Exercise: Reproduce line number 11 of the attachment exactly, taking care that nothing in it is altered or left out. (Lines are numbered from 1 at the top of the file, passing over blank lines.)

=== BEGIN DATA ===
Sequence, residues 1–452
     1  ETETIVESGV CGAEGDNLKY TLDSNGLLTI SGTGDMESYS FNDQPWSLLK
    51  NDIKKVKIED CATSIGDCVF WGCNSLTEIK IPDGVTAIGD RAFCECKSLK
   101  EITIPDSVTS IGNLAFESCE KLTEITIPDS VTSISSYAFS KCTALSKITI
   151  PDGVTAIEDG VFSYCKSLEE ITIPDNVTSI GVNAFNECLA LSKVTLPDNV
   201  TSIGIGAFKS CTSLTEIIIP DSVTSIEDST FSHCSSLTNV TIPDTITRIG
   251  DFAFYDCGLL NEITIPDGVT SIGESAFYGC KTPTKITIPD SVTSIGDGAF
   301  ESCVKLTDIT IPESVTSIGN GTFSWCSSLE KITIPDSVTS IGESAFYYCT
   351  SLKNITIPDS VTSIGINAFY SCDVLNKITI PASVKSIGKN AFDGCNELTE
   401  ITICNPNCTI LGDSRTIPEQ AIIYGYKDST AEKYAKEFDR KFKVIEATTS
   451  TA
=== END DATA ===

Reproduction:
   451  TA